After South Carolina, Illinois and Ohio, New York State Senator Pushes for Anti-BDS Law
New York Senator Michael Gianaris vowed on Tuesday to introduce legislation barring the state from doing business with corporations or individuals engaging in the movement to boycott, divest from and sanction Israel (BDS).
Gianaris — whose district represents swaths of the Queens New York borough — said the law would be the most comprehensive legislative measures taken to confront the BDS movement in New York to date, and it follows similar legislation in Illinois, South Carolina and Ohio.
South Carolina’s law, signed by Govenor Nikki Haley in June, does not mention Israel specifically by name, but prohibits state entities from contracting with businesses that boycott those based in or doing business with an area with which the state enjoys open trade.
The Illinois law more specifically required state entities to unload investments in companies known to be engaging in a boycott of Israel, while Ohio’s law was similarly fashioned on South Carolina’s law, and is still awaiting a final vote.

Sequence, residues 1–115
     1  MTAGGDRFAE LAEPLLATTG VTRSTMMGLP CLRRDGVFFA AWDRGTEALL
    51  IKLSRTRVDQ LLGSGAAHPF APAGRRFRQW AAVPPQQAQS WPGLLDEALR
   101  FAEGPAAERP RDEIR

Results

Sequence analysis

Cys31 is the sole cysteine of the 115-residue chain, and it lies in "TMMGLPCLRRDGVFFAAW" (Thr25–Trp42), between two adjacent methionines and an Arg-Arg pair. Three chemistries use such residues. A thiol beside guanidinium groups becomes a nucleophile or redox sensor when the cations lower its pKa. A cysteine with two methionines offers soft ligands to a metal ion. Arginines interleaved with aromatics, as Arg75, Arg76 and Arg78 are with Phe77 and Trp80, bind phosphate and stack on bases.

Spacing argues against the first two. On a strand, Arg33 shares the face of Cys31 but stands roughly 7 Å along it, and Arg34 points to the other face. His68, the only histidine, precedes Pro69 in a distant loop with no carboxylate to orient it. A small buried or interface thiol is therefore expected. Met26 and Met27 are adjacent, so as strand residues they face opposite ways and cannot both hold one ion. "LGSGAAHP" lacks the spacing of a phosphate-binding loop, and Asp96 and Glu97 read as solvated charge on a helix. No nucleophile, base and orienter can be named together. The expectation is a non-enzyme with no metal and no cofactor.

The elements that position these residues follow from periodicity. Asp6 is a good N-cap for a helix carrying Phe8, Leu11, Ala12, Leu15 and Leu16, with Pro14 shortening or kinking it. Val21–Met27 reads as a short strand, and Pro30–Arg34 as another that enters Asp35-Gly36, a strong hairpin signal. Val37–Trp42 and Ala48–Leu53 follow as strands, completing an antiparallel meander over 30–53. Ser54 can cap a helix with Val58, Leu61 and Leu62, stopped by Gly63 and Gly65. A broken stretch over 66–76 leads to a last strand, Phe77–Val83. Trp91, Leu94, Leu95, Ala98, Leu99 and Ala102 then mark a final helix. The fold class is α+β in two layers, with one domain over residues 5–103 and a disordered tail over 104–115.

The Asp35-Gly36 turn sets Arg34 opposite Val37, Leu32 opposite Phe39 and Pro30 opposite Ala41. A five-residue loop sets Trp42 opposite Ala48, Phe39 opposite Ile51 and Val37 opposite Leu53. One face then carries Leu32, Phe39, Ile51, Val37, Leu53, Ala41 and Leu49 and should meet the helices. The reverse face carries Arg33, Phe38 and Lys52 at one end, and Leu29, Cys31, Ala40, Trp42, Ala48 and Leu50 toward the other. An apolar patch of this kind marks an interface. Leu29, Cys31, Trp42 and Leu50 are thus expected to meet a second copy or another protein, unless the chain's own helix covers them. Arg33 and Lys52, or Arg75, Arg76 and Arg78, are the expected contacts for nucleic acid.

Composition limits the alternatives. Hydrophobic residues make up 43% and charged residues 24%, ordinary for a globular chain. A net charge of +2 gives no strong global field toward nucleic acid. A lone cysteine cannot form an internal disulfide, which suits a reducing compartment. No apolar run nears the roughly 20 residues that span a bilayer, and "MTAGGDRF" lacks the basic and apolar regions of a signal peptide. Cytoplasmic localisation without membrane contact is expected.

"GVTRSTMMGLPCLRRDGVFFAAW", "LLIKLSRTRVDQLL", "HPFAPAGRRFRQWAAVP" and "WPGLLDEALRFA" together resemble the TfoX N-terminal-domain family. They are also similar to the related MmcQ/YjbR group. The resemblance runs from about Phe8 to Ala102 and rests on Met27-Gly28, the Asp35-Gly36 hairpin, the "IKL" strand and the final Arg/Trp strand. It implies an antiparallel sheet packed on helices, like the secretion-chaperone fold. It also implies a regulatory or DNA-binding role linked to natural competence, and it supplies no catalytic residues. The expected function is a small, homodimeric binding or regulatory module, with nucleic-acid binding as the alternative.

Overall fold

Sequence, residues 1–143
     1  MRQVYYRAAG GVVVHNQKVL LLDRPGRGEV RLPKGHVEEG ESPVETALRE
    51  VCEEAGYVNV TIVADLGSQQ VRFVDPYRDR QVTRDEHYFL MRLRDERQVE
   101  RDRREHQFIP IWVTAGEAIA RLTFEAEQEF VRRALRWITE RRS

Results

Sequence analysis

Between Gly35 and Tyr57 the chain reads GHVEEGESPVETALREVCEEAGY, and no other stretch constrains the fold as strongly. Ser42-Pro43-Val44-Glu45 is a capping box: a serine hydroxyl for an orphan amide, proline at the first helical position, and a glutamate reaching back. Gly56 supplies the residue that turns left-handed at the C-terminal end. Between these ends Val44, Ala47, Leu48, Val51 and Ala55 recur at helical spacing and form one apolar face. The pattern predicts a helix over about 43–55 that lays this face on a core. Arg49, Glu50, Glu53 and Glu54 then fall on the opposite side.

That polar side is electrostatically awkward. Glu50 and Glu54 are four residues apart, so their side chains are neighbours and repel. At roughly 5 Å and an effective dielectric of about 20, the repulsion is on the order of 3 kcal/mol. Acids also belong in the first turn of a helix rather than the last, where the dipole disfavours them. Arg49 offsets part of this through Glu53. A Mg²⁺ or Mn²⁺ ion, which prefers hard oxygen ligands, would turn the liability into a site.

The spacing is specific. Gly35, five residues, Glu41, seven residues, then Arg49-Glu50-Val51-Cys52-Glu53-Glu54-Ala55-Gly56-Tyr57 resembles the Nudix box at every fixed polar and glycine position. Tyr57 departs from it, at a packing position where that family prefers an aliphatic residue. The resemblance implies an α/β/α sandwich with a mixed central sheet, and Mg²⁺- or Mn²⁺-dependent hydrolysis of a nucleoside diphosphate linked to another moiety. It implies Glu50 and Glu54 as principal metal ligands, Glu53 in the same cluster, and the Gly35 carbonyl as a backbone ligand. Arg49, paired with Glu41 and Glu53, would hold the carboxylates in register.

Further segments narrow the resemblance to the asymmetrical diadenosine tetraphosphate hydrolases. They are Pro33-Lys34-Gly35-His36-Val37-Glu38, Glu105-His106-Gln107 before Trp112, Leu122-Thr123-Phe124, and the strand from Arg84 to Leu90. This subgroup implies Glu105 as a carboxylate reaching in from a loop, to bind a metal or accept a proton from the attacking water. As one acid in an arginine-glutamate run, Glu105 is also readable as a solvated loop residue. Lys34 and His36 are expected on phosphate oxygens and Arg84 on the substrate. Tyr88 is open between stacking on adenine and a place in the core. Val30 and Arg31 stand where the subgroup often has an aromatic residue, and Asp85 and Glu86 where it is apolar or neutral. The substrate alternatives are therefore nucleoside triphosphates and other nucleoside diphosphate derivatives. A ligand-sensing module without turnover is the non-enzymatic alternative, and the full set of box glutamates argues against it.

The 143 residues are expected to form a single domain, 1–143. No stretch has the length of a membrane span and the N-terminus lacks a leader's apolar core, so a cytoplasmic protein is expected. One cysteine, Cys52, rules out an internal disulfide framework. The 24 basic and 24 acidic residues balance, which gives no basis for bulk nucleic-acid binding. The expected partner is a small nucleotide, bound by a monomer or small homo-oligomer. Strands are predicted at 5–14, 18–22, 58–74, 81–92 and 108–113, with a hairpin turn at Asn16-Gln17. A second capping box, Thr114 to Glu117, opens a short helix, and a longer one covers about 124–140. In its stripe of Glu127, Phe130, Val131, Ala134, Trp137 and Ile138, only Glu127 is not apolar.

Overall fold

“With anti-Semitism on the rise both at home and abroad, it is critical that we confront this hatred at its inception and send a strong message that New York will stand against discrimination. Cloaking anti-Semitism in a shroud of false pretense will not obscure intolerant and hateful motives,” said Gianaris, in a statement to the press.
Many BDS activists claim the movement is a nonviolent attempt to target Israel’s military and settlement policies in lands mostly claimed by Palestinians for a future state, though the movement is often criticized for effectively opposing the existence of the Jewish state in its entirety.
Israeli Prime Minister Benjamin Netanyahu has called for a wide front to combat BDS, and many in the pro-Israel community have worked to counter the movement, including American billionaire pro-Israel activists Sheldon Adelson and Haim Saban. Presidential candidate Hillary Clinton has said fighting BDS must be a “priority.”
The statement also noted a 21% increase in reported antisemitic attacks in New York last year, which is according to the Anti-Defamation League.